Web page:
It didn't happen. Instead, the Green Revolution happened. But it didn't just happen; it happened because of individuals like Norman Borlaug, but it actually happened because of Norman Borlaug more than anyone else. And it was for that fact that he was awarded the Nobel Peace Prize in 1970. He has been credited by the scientific community with saving over a billion people worldwide from starvation. That's over a billion people. And of course, those yields continue, as do the logic and science that he had applied to agronomy continues to bring about the feeding of billions of people who otherwise would have starved.

But at the very same time, PBS is releasing a documentary entitled, “The Man Who Tried to Feed the World: A Tale of Good Deeds and Unintended Consequences.” Well, the very subtitle tells you that PBS is presenting a documentary that says he meant to do a good thing but it might not have been so good in the end.

There are others who have noticed what's going on here. The Wall Street Journal, over the weekend, ran an editorial with the headline, "Battering Norman Borlaug." They accused PBS of rewriting the history of the father of the Green Revolution. The PBS documentary, according to the Wall Street Journal, does acknowledge that without Borlaug's innovations, it would be difficult, if not impossible to feed many of the world's billions. But nonetheless, the documentary then turns to the unintended consequences. "These include everything from diminished water supplies and depleted soil to increased urbanization in Mexico and a 'broken society' in India."

The editors rightly then note, "What these critics never say is what the alternative was, or answer whether their implicit message is that it might have been better if Borlaug had done nothing and let tens of millions of people starve."

Justin Cremer, writing for the Alliance for Science at Cornell University, ran an article with the headline, "Norman Borlaug Saved Millions of Lives: Would His Critics Prefer He Hadn't?” Well, we simply need to answer that question honestly. I don't believe that any of these critics would say that they would want any particular individual to have died of starvation, but their logic is that there is a very dark consequence to the fact that so many people didn't starve in the 1970s, 80s, 90s, and continuing into the 21st century.

The argument coming from so many is that the world's biggest problem is that there are too many human beings. Now, there are limited ways to avoid the world having that many human beings. One of them would be the kind of forced sterilization effort that even the New York Times said is better not heard of ever again, or you have to try to come up with something that is going to eliminate tens of millions, indeed, eventually hundreds of millions, even eventually, if we're honest, billions of people from planet Earth.

Starvation would have done that. It's an incredibly dark truth that there are people who now openly lament the fact that so many people have escaped poverty and escaped famine by means of the Green Revolution. Did the Green Revolution come with other consequences? Yes, everything comes with consequences. People living means that they will have needs, and they might even present problems that wouldn't have existed if they had not come to life or if they had been starved to death. But what a horrible calculation for anyone to make.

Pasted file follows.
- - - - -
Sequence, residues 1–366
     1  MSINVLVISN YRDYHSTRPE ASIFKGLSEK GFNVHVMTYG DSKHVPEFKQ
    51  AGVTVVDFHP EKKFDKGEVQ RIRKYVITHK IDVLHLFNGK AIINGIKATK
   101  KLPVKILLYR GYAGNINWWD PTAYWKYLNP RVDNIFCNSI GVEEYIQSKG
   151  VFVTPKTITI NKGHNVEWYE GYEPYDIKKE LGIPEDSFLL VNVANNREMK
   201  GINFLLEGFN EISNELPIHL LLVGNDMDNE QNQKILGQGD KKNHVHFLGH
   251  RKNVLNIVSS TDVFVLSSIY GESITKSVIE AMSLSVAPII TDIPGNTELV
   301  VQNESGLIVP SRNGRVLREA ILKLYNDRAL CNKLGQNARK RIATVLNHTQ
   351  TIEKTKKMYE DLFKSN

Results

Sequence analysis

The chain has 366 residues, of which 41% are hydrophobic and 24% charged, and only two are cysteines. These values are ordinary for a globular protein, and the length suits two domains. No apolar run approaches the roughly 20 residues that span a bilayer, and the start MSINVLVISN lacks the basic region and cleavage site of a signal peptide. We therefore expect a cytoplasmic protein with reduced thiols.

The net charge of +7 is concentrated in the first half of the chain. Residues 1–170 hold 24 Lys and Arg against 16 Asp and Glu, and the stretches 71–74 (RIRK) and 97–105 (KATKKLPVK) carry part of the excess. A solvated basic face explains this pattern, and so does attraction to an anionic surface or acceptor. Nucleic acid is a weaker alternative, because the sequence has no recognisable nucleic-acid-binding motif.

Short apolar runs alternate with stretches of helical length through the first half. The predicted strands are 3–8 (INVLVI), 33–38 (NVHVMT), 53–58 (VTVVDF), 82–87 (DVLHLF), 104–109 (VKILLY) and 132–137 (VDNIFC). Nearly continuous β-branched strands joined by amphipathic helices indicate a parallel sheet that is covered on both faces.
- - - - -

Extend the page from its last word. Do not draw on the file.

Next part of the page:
John Vidal, writing just in recent days at The Guardian, that is a left wing but very influential newspaper from London—by the way, a little footnote, it is the British newspaper with the largest readership in the United States—the Guardian ran the article by Vidal with a headline, "Norman Borlaug, Humanitarian Hero or Menace to Society?" Menace to society? Again, he was awarded the Nobel Peace Prize in 1970 for saving over a billion people from starvation. Is there a downside to that? Well, when you look at this headline, it is openly asked whether he is indeed a humanitarian hero or a menace to society.

Cremer, in his article for the Alliance for Science at Cornell says this, "To be fair to those who participated in the documentary, the filmmakers may not have done them any favors. At the outset of the film, we see the economist and writer Raj Patel suggest that Borlaug was undeserving of the Nobel Peace Prize, yet viewers are never told why, nor does Patel suggest a hypothetical alternative to what should have been done to the millions of people who face starvation."

But then Cremer continues to write, and listen to this closely, "Maybe those answers were left on the cutting room floor because Patel does expand on his views in an interview posted to the PBS website where he blames the Green Revolution for 'an urbanization in which we become more and more divorced from the sources of our food.'” And we are told Raj Patel romanticizes an alternate reality in which we are all, in his words, “Much more connected with the ecology through which our food moves and derive deep satisfaction from eating together.”